ELLA WILSON and DANIEL LUBIN review UCL Drama Society’s As You Like It.
Plastic trees and a pale patchwork backdrop. The neutrality of Georgia Green’s set creates a kind of liminal space, initially capturing the clinical and menacing courtroom before transforming into the cool boughs of the forest. In this way the stage is perfectly adapted for the two environments of UCL Drama Society’s As You Like It, directed by Polly Creed and produced by George Jibson. Their production reimagines and re-contextualises Shakespeare’s play, seating it in a firmly modern place thematically, even as its setting is contextually ambiguous.
The production draws more out of the Shakespeare by leaning in to some of its queer themes. Though queerness emerges in the script through Rosalind cross-dressing as ‘Ganymede’, many male characters in this production are recast as women, such as Jaques (Róisín Tapponi) and Duchess Senior (Olivia Perrett), with their pronouns changed appropriately. Most notably, Ema Cavolli is cast in the role of Touchstone, the fool. Touchstone’s relationship is queered as she marries another woman, and they do not make a big deal out of it; a woman is marrying a woman, and in the idyllic world created here it is not even worthy of comment. Cavolli makes the character flirtatious and often almost aggressively sexual, indiscriminately coming on to men and women alike with her camp, archly aristocratic manner getting some of the biggest laughs of the night. Although a figure of fun, the casting of the role places a woman in the sexually forward position, repossessing the male realm of comedic cads and sexual vagabonds. This feels quietly radical, in a similar way to Rosalind taking control over Orlando’s courtship of her through her male disguise.
The performers are full of wit and vivacity, and as a chorus there is not a weak link among them. The cast use modern ad-libs to a perfect degree, dropping anachronistic ‘like’s and ‘literally’s for comic effect but never gratuitously. Amy Reade’s Rosalind is vibrant, excitable, charged by sharp intellect. She and Freddie House sell their chemistry very well, his Orlando sincere, almost puppyish, and his lovesickness both believable and very funny. The sisterly bond between the cousins is strong: Poppy Crumpton as Rosalind’s cousin Celia is constantly engaging in her comic quirks, and convincingly plays out ‘love at first sight’ when she falls for Orlando’s brother Oliver (Philip Chennery). Róisín Tapponi imbues Jaques with irreverent humour and genuine melancholy, reacting appropriately indifferently to the action around her. Olivia Perrett’s Duchess Senior is a kind and commanding presence, while Ismail Ben Amor’s Duke Frederick is menacing and malevolent. This contrast creates a distinct juxtaposition between the environment of the court and that of the forest, further defined by the motley crew of merry men in the forest and the sinister courtiers in the early scenes.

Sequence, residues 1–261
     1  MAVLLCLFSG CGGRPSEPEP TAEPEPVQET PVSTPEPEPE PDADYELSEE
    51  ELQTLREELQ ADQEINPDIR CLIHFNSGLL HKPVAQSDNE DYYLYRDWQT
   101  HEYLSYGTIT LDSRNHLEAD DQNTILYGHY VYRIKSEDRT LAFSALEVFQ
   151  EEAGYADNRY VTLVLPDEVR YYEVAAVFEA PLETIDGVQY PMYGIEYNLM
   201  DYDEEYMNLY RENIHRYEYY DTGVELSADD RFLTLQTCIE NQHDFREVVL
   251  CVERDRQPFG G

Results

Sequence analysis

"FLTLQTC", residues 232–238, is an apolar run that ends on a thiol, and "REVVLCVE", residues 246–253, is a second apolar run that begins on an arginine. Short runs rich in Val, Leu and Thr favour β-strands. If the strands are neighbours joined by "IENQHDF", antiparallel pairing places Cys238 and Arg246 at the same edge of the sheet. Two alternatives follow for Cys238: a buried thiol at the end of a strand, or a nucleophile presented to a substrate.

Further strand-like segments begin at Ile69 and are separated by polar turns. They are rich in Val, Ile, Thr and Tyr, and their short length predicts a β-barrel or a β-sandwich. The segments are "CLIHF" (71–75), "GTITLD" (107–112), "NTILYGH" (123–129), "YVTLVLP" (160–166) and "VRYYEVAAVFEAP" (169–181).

Polly Creed’s direction shines most clearly in the ways in which she has altered the original script to really bring the show to life. The courtly environment is established by a series of sequences performed in strict unison by the Duke and courtiers. They swan around the stage with a severity of manner in the eerie blue light before pouncing into an animalistic crouch at the banquet table to spoon cream into their mouths by hand. Later ‘unscripted’ scenes include the stationary arms race between Jacques and Orlando, and the awkward croissant date Orlando has with Ganymede/Rosalind. As the opening court scene asserts the environment, these two scenes playfully construct the characters further, whether it’s in Jacques’ dry cynicism or Orlando childish awkwardness, as the extent his romanticism reaches is a rose in a water bottle. It is these sequences that take the production beyond the script, and bring it to life with all its nuances, asserting what makes it unique and clearly defining its distinct tone.
But most important of these additions is the goddess Hymen’s prologue. A character who appears in the script only at the marriage scene, in this production Hymen leads the characters onstage at the beginning and off again at the end. This device opens the play, showing the production itself to be a theatrical construction, making the audience aware of the magic coming together, and embodying Jacques’ philosophy that ‘All the world’s a stage’. The actors enter in plain, neutral outfits led by the goddess. As she delivers a prologue devised by Polly and the cast describing their characters they dress themselves as their characters; we see them as props becoming animated. More than this, even after the curtain call, Hymen enchants the players and leads them offstage again. This is a production that draws attention to its own performativity, and captures the nature of theatre itself. The artificiality of the stage is acknowledged – as we see the actors dressing we see what ought to happen backstage – yet it is in this artifice that theatre’s magic lies. The element of the supernatural immediately asserts the play’s power and confidence; the unity of the actors regardless of character captured the troupe as a community.
UCL Drama’s As You Like It has standout moments of creative inspiration but it was the subtleties of every actor’s performance that made it the show it was. While inevitably defined by its ease and playfulness both in performance and in its approach to casually constructing queer narratives, it is also a production that takes itself seriously, and forces its audience to do so too. As we’re told the show is an illusion, we’re reminded of how truly magical it is.
As You Like It played at RADA Studios from 30th Nov – 2nd Dec. Find more information here.